Article Categories

Comments

  1. Ivar Kjelberg January 19, 2013 at 12:57 pm

    How can you Validate and Verify (V&V) a model without being able to unambigously get back to the equations ?
    Certainly for many rapid models, the “equation free” approach is easy and handy, but when you come to the V&V part, you need to get back to the equatins, also when you couple many physics.
    The nice and unique approach of COMSOL is that they have manged to “unify” all physics, that traditionally have evolved in different direction over the years, with slightly different convention too.
    Now we have a common way, and, for example, by looking closer to all the Frames used in “Solid” one will see the commonalities with CFD, two historically different appraoches to describe a rather common physical phenomena, the deformation of a body (solid or fluid) under external loads.
    It will be interesting to see how COMSOL can provide us advanced mechanical and thermodynamical theory of deformation, including placticity. Most of the tensor theory required is already implemented today in COMSOL, the dedoubling of the tensors for elastic and plastic components is still to be done, then we will see another chapter of the unification of physics arriving. But again, to beable to follow a minimum of V&V here too, the “equations” are needed.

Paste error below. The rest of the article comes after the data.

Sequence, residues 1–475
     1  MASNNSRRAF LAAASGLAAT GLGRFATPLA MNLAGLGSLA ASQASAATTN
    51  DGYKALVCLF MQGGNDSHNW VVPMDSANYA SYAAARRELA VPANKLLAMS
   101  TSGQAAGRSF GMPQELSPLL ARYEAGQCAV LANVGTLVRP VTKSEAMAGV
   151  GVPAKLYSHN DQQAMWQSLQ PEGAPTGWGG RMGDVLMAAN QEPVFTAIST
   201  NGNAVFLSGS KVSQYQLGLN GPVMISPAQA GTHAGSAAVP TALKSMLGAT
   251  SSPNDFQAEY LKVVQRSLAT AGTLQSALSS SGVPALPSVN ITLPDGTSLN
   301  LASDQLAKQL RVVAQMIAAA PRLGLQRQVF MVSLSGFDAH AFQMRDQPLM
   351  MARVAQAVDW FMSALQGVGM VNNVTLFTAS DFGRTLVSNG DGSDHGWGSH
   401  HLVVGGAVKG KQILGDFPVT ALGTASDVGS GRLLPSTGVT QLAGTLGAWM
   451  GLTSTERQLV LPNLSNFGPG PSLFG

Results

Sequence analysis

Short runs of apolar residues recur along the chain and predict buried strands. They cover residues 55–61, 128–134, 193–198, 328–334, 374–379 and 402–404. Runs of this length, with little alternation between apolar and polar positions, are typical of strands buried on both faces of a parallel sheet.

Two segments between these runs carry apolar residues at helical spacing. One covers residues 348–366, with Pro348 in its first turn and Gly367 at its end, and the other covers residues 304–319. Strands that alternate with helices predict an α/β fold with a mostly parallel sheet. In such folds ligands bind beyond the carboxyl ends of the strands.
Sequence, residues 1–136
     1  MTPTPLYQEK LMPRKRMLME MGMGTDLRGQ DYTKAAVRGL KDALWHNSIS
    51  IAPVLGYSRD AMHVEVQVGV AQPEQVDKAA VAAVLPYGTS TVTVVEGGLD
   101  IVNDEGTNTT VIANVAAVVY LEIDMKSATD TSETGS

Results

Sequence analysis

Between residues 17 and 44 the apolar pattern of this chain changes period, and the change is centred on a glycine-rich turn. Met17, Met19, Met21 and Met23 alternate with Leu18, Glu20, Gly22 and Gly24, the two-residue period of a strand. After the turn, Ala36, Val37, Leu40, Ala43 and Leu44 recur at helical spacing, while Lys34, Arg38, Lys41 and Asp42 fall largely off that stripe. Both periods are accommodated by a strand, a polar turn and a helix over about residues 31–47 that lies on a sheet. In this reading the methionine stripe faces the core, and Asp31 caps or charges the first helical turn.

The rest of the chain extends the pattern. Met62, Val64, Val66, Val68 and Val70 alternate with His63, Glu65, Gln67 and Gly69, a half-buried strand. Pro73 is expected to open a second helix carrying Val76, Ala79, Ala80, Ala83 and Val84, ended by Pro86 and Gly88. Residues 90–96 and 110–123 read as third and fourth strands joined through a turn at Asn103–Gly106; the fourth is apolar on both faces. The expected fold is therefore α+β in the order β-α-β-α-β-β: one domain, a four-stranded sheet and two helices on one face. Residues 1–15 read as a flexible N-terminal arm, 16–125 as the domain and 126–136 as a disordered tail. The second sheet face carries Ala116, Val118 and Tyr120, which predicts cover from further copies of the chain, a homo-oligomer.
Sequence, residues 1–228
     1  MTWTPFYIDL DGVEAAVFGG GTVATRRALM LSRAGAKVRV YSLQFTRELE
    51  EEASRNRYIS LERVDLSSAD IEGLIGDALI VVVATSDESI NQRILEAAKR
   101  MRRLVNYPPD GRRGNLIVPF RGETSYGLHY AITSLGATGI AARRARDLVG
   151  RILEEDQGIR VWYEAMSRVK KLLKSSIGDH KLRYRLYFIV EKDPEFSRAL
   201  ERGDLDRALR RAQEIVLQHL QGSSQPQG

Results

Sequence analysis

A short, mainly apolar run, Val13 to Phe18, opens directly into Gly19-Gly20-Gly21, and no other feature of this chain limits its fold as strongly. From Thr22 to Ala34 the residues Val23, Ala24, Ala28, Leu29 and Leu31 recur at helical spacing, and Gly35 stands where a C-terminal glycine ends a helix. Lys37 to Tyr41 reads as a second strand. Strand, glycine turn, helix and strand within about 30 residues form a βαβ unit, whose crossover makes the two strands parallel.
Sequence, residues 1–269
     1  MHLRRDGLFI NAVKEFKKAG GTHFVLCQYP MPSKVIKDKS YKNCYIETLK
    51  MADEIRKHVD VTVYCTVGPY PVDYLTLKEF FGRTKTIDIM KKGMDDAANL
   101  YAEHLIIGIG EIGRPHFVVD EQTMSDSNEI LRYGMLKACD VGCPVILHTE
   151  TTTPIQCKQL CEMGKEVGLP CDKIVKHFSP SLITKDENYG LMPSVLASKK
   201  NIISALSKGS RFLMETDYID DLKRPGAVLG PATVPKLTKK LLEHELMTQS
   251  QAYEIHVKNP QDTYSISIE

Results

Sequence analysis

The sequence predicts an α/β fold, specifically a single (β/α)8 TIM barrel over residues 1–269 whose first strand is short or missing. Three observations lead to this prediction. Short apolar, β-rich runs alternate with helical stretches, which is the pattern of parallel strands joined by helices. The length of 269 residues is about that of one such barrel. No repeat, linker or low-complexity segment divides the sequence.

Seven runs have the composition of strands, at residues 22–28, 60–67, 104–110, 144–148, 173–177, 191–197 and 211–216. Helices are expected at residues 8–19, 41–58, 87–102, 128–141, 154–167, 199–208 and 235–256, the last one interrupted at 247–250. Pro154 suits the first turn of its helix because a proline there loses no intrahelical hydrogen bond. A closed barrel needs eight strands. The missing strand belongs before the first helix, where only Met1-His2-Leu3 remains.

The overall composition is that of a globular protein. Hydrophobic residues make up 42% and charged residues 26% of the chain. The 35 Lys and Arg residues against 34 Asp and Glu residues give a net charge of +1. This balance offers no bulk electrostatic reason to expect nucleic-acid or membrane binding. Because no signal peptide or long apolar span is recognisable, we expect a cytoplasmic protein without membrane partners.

Personally I’rn running COMSOL with equation view all ON ;)

  2. Doctor_J January 19, 2013 at 1:34 pm

    Without knowing the equations there is no way one can really know what is going on.
    I personally do not think it should even be a matter of discussion if equations are important or not – how can you model and simulate a physical system without knowing the “rules” governing it?
    Personally I also think that COMSOL lacks of detailed information, any other software, like ANSYS or ABAQUS, has a manual which describes in a much more detailed way all aspects of discretization, solution, models and so on…
    Apart from that I would like to stress the fact that I really like COMSOL and the philosophy behind it.

  3. David Kan January 23, 2013 at 2:52 pm

    I like to use the analogy of the hood of your car. When was the last time you opened it? For most people, they might not even know where the release is. Autos are built so well these days, the majority of people experience cars just by driving/riding in them. BUT there is a community of people that can open the hood and make a big (positive) impact. That’s what using equation view in COMSOL is like. It’s not for everyone, but it is a big advantage for trained professionals.